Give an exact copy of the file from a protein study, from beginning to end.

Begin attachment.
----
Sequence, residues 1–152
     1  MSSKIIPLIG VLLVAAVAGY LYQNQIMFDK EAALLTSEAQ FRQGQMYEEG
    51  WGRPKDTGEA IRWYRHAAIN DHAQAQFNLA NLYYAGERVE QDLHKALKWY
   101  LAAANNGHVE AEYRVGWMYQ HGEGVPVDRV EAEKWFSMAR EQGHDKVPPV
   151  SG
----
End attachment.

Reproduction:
Sequence, residues 1–152
     1  MSSKIIPLIG VLLVAAVAGY LYQNQIMFDK EAALLTSEAQ FRQGQMYEEG
    51  WGRPKDTGEA IRWYRHAAIN DHAQAQFNLA NLYYAGERVE QDLHKALKWY
   101  LAAANNGHVE AEYRVGWMYQ HGEGVPVDRV EAEKWFSMAR EQGHDKVPPV
   151  SG